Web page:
It is this re-listening, determined by the student, using my method without me there, that guides the student toward improving their beat speed recognition and beat speed difference sensitivity, independently, after my instruction, without me there.

Also, direct tuning uses what I call Conceptual Comparison, that is, comparing the sound you hear from the piano, to the concept of the sound you are striving for, that exists only in your head.

Conceptual Comparison can be very fast and natural. The problem is, it takes very long to develop the concepts; the idea of what sounds good.

Comparing two actual physical sounds and deciding where the pitch should be from their relationship, I call Direct Comparison. (Internal Direct = the piano tells you. External Direct = another source tells you.)

Direct Comparison is better for a student than Conceptual Comparison, IMHO. (They may not even have a concept yet.)

Indirect Tuning (using checks) seems more accurate to me, especially when using my bisecting window temperament sequence, in my experience.

When tuning A4 to the fork directly, the window is "this sounds too flat" and "this sounds to sharp".

The Bisecting Window temperament sequence has more objective criteria.

Even the F2 test is not objective. "This sounds too fast" and "this sounds too slow". Abstractly speaking, we can never get F2A4 to equal F2Fork.

Also, you can't use listen to the interval directly while changing it, with the Double String Unison method.
High accuracy can be obtained when using check notes, producing great sounding intervals, which the student creates themselves, then listens to, all without me there.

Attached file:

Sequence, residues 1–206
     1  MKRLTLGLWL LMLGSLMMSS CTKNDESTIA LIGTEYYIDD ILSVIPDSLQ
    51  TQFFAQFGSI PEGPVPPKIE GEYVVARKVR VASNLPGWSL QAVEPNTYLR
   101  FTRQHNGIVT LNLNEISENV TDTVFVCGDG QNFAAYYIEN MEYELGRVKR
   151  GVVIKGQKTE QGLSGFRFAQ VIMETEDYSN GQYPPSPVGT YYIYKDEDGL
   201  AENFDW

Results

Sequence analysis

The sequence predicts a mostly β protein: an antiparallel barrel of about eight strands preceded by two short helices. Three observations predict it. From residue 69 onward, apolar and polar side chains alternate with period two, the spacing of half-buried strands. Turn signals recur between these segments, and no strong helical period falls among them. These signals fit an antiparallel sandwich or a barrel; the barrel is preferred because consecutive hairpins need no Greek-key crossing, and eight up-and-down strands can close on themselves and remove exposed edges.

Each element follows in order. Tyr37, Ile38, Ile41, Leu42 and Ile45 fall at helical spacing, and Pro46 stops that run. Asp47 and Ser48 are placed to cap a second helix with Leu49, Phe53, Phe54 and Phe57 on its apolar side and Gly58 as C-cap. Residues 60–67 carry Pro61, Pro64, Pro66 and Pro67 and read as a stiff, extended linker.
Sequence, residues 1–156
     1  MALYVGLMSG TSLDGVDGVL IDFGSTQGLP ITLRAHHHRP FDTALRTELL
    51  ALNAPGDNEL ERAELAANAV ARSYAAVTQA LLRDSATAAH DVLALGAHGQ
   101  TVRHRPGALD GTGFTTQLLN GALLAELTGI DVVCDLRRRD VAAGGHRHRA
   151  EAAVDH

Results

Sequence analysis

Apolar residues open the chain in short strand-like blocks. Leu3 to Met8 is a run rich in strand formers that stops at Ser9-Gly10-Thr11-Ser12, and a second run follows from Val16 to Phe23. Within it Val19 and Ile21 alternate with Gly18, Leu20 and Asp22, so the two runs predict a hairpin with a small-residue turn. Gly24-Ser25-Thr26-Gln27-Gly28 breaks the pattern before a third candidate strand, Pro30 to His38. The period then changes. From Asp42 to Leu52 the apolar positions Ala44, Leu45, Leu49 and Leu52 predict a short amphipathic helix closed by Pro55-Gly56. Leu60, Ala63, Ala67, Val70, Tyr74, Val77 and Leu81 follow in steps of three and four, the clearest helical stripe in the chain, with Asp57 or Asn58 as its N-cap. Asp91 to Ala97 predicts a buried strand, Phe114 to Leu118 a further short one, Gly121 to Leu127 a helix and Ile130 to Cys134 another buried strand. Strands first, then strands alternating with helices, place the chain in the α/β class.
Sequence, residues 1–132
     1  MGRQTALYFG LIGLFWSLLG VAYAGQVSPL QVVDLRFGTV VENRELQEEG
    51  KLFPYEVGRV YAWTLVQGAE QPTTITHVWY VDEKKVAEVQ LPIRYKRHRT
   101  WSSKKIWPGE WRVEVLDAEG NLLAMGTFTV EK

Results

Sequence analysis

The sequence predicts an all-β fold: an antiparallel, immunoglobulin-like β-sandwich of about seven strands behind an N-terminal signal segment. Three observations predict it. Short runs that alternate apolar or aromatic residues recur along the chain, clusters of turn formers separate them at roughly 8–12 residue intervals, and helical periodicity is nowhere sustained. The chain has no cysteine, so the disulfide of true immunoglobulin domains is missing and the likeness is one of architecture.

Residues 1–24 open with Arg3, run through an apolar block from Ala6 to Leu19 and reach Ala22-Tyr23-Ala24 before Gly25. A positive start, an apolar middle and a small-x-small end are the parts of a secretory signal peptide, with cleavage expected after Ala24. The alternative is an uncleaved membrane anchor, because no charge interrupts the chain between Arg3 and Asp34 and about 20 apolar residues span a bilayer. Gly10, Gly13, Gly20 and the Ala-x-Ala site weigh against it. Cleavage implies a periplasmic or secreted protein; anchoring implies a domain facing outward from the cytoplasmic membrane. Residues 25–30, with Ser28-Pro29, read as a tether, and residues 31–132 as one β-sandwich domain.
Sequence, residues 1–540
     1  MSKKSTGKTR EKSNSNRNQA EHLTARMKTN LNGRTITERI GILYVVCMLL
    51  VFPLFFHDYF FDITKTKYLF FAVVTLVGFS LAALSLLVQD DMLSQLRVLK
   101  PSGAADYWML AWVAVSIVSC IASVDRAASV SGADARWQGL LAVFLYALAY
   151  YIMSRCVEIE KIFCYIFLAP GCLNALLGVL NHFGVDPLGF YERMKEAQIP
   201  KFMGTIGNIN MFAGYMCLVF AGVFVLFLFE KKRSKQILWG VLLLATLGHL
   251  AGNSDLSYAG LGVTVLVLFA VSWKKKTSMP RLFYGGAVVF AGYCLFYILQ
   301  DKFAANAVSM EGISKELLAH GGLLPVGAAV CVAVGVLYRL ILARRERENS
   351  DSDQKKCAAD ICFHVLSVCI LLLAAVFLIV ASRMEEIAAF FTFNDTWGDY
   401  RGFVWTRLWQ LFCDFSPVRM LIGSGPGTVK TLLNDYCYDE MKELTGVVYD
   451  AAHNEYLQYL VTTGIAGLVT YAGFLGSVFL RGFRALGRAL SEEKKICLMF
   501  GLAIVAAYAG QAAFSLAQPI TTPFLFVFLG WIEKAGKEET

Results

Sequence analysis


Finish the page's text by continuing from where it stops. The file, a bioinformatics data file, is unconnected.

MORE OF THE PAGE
It is this listening that is training their concept of what a good interval sounds like, so then they have the choice of tuning your way after that, if they want.

They can't do that until the have developed the concept.

Double string unison and high accuracy techniques allow them to create great intervals, listen to them, and develop their concept faster than without, in my experience as a piano tuning instructor.

Thank you for sharing so precisely, how it is that you tune. It is a great resource for others reading.


Mark Cerisano, RPT, B.Sc.(Mech.Eng), Dip.Ed.(Music)
www.howtotunepianos.com
#2320742 - 08/27/14 04:45 PM Re: Beginners, see how good you are at tuning A4 aurally. [Re: Mark Cerisano]  
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Originally Posted by Mark Cerisano, RPT
High accuracy can be obtained when using check notes, producing great sounding intervals, which the student creates themselves, then listens to, all without me there.

It is this listening that is training their concept of what a good interval sounds like, so then they have the choice of tuning your way after that, if they want.


What?!

I do use check notes!

You always misinterpret what I say, to "prove" your way is better than mine.

I was talking about your test. I don't even know how you tune A4.

All tuners I know, including myself, do use a test note, most of them F2 and some B1, to tune A4.

I give up to try to talk with you. You post your stuff and ask us our opinion. But if I suggest you another way then you say I am wrong!

So be it, you are always right and I am always wrong and your way is the best ever.



Rafael Melo
Piano Technician
rafaelmelo@afinacionpianos.com.mx

Serving Mexico City and suburbs.

http://www.afinacionpianos.com.mx
#2320746 - 08/27/14 05:04 PM Re: Beginners, see how good you are at tuning A4 aurally. [Re: Mark Cerisano]  
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By your way, I meant listening to a single string A4 as it beats with the fork, and adjusting the A4 so you can hear "the snake in the grass", as opposed to my way which uses double string unison.

Sorry for the misunderstanding.


Mark Cerisano, RPT, B.Sc.(Mech.Eng), Dip.Ed.(Music)
www.howtotunepianos.com
#2320779 - 08/27/14 06:30 PM Re: Beginners, see how good you are at tuning A4 aurally. [Re: Mark R.]  
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Originally Posted by Mark R.
Ditto, a nice little test!
And ditto, I managed to get 100% first-time around.

Re. trickiness: On one occasion, I got the impression that A4 wasn't raised, but lowered. On another occasion, I got the impression that A4 wasn't lowered, but left unchanged.